Trustworthy AI hence aims at providing a framework for the development of Machine Learning (ML) technologies, which guarantees their suitability with respect to the democratic and ethical values shared in our society. This recently emerging field of AI can be typically divided into four broad dimensions, namely AI robustness, Explainable AI, AI fairness and AI privacy.

AI Robustness focuses on machine learning vulnerabilities that can be exploited by malicious attackers seeking to either steal capacities of proprietary models, identify private information used to train these models, or purposely push a model in making incorrect predictions. These attacks can be achieved through the use of adversarial samples in various forms (images, texts, tabular data, etc.) and across a wide range of model types. In the first year of the AI4Media project, our activities already successfully provided various research contributions in this field.

  • The Aristotle University of Thessaloniki was successful in creating a novel AI training method which uses hyperspherical class prototypes to increase neural network robustness of AI models. (Read the paper)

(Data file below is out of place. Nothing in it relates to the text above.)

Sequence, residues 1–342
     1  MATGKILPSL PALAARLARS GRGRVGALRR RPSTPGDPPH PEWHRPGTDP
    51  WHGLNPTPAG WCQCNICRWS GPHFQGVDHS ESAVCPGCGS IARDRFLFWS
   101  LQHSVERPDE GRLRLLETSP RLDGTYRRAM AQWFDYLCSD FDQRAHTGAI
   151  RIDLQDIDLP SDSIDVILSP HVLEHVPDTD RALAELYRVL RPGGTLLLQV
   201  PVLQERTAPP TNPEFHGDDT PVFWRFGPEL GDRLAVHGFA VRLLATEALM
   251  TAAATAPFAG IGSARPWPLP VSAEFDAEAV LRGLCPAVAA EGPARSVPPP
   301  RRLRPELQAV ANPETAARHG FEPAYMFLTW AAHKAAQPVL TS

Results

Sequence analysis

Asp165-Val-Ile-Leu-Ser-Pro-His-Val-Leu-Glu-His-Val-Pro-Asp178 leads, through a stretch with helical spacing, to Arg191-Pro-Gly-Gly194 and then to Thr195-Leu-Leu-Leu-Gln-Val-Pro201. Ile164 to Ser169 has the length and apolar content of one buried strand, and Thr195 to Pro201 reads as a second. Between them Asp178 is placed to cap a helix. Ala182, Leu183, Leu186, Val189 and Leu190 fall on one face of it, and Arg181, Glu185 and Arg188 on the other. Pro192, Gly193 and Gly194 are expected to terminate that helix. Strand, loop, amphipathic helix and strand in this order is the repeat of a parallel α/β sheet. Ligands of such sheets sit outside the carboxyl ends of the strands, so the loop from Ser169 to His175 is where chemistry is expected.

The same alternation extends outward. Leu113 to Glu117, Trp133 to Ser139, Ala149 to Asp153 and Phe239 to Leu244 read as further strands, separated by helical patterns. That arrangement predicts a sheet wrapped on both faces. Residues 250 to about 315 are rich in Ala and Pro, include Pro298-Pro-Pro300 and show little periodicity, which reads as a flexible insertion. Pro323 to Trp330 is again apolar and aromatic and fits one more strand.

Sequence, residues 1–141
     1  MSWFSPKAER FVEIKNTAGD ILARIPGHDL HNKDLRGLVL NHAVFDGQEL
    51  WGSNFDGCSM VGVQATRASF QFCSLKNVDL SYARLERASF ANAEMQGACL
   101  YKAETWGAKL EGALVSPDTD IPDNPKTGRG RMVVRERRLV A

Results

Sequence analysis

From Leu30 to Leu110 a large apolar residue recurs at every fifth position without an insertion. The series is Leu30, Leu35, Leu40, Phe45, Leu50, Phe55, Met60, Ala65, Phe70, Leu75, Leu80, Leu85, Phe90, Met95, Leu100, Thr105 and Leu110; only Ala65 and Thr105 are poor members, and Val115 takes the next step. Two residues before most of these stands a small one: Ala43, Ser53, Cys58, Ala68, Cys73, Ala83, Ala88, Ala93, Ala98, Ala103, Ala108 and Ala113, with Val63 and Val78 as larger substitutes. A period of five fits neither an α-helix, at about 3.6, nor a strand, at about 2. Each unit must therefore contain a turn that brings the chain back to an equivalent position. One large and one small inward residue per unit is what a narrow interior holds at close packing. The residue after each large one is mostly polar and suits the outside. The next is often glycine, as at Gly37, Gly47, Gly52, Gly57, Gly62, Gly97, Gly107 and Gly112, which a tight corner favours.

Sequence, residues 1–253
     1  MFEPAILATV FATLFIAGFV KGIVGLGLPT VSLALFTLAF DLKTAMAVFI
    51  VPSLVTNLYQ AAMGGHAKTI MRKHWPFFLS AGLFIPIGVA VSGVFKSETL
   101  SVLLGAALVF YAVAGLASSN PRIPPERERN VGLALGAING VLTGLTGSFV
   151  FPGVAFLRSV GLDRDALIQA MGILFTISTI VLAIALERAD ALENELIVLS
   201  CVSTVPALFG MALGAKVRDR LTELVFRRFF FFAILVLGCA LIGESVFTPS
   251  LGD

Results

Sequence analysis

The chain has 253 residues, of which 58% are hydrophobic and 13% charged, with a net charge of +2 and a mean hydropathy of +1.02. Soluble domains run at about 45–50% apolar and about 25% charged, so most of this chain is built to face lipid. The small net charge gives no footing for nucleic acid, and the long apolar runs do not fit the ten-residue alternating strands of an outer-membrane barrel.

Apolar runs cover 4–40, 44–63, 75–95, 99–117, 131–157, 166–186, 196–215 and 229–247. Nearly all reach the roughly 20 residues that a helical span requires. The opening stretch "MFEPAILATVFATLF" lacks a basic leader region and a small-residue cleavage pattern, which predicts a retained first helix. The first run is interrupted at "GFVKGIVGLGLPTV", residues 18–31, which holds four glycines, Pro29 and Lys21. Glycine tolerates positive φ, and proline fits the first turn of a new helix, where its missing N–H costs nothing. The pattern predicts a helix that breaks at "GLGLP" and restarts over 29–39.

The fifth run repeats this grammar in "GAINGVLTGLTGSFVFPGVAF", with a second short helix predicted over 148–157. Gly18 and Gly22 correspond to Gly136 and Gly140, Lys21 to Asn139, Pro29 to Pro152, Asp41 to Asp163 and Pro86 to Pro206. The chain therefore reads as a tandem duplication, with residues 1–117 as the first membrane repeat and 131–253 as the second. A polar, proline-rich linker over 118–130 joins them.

• IBM discovered that deep generative models can also be vulnerable to a new set of backdoor attacks. As part of this work, IBM developed new defence capabilities to protect generative AI models against such attacks. (Read the paper)
  • A new attack algorithm promoting the robustness of re-identification systems was developed by the University of Trento which addresses known vulnerabilities of such systems when used in domains unseen during their training phase. (Read the paper).

Explainable AI deals with the trust that needs to be established between an AI model and its user. European legislation states that technical measures must be put in place in order to facilitate the interpretation of the outputs of AI systems by the public. In other words, users of AI models must be able to understand why predictions were made, regardless of the precision or validity of each prediction. While the recent explosion of deep learning models has led to amazing gains in performance, these models in particular provide very limited visibility even to their own designers as to how they reached a decision. It is, therefore, crucial to develop a set of technologies that can support users in understanding how specific predictions were made, in order for these technologies to be safely incorporated within the fabric of society.